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Seepage Pits

A seepage pit is a big hole in the ground with soil on the vertical walls which will absorb effluent. It is lined with concrete brick, block or rings with loopholes or notches. The joints should be staggered and allow passage of fluid through them into the surrounding soil. The seepage pit follows the septic tank and is used in place of a distribution field where the upper layers of soil are not conducive to the movement of effluent. Typically, new seepage pit systems are not approved by health departments or the local environmental protection agency. Where an existing seepage pit was approved in the past, under proper conditions of adequate amounts of vertical soil in the hole for removal of effluent and the percolation rate is under 30 minutes per inch, then a new seepage pit may be approved. The depth of the pit and the width of the hole plus the percolation rate determine the amount of absorption area available in the seepage pit for appropriate disposal of the effluent. There are numerous problems with seepage pits because of the concentration of the effluent which must be processed through the sidewalls of the unit. If the septic tank is not properly maintained, it becomes more difficult for the unit to work properly. The use of evapotranspiration is virtually eliminated as a means of getting rid of the liquid. The installation of the pit is absolutely crucial and frequently not done as planned. Maintenance of the pit is another factor. The greater concentration of the septic effluent in a small area creates the need to separate the seepage pit by much greater distances from wells and other bodies of water.

Best Practices for Seepage Pits or Dry Wells

  • • Recommended percolation test procedures for seepage pits include dig a test hole 12-48 inches in diameter and at least 10 feet below the proposed bottom of the seepage pit and check after 72 hours to determine the level of groundwater that may be present in the hole; backfill the test hole to 10 feet above the bottom of the hole or groundwater level whichever is shallower; presoak the test hole with at least 5000 gallons of water; fill the pit with water up to the cap and then record at 15-minute intervals the drop in the water level. This will help determine whether or not a seepage pit will work under normal conditions. Also have a professional conduct a soil analysis of the sides of the proposed pit.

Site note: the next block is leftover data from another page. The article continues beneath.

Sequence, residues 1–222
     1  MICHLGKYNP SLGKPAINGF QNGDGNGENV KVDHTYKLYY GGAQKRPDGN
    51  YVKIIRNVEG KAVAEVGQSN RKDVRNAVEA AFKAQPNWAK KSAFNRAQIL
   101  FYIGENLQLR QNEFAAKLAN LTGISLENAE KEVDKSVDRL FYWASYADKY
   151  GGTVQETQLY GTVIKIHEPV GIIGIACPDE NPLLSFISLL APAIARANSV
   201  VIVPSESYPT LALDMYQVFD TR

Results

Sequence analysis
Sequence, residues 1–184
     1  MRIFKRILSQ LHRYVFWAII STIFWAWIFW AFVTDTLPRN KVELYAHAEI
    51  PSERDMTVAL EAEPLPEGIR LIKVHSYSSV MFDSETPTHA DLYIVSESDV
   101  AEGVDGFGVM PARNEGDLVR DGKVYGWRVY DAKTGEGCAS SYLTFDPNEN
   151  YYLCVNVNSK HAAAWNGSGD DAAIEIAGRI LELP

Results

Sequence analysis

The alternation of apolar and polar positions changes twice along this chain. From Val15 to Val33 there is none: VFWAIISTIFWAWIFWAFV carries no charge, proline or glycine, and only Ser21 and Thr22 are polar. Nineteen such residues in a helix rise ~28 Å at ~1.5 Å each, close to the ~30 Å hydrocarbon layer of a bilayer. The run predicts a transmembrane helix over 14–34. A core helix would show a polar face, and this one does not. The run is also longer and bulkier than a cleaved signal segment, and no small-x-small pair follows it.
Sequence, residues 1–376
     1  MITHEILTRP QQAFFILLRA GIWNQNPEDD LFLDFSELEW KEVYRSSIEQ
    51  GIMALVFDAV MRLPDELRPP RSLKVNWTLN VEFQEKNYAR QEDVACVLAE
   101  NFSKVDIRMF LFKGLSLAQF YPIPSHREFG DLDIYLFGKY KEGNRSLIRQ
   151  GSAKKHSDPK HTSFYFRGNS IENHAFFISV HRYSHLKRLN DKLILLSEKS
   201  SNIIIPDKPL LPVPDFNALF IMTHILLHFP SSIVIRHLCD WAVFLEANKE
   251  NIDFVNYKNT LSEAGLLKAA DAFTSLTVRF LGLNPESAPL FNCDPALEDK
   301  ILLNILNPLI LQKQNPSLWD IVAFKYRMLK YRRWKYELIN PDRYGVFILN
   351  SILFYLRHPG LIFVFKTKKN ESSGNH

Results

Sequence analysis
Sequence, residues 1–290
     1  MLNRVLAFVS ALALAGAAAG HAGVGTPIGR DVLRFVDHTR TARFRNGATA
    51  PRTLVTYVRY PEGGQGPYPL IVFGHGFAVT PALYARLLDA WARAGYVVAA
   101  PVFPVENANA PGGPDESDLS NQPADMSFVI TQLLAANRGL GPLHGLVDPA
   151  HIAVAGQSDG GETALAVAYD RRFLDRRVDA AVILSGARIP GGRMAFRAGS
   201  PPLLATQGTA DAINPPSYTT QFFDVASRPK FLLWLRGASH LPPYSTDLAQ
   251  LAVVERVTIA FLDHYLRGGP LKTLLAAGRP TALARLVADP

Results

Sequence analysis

• • The bottom of the pit must be at least 5 feet above the seasonal high water table.
  • • Conduct construction work on seepage pits only in dry soil and after excavation scratch all surfaces to make sure they have not been sealed by the use of the equipment.
  • • The depth of the sidewalls must be at least 10 feet below the cap.
  • • Clean gravel should be backfilled around the porous inner lining of the pit up to the top of the concrete cap.
  • • If more than one pit is used, all pits shall be 20 feet apart from the edge of any other.
  • • A riser with a 9-inch diameter opening with a cap on it should be installed in the pit so that the pit can be cleaned out properly by a professional hauler. Frequent inspection of the pit is necessary.

Aerobic Treatment (See endnote 11)

In an aerobic treatment system, a mechanism is used to inject air throughout the treatment tank thereby helping aerobic bacteria degrade the solids. This helps achieve a superior effluent quality. Typically, a system of this type would be chosen where the regular septic systems are failing. Problems are: the unit is more expensive to operate than a septic tank; electricity is required and a back-up system is mandatory in areas where there is frequent electrical failure; mechanical parts can break down; more frequent routine maintenance is needed than for a septic tank; sudden surges of heavy loads of solids can upset the system; more nitrates may be released to groundwater than from a septic system; and pretreatment steps are needed to remove grease, trash, garbage grindings, or other materials which are not biodegradable.

Best Practices for Aerobic Treatment Systems

  • • Use a manufacturer that carries the NSF International class I certification for its aerobic treatment systems for equipment purchased for the effluent disposal site.
  • • Use a pretreatment device of a trash trap, septic tank, or comminutor to remove grease, trash, garbage, and non-biodegradable materials prior to the settling chamber for primary treatment and settling of sludge. The effluent then goes into the aerated chamber and aerobic decomposition occurs. The amount of effluent flowing must be controlled to prevent overwhelming the system.
  • • Frequent maintenance must be provided to keep the system effectively working.
  • • Provide alternate source of electricity if the area is subject to electrical failure.
  • • Do not diminish the size of the effluent disposal system since the liquid flow is still the same as if it were coming from a septic tank although the effluent is far cleaner.
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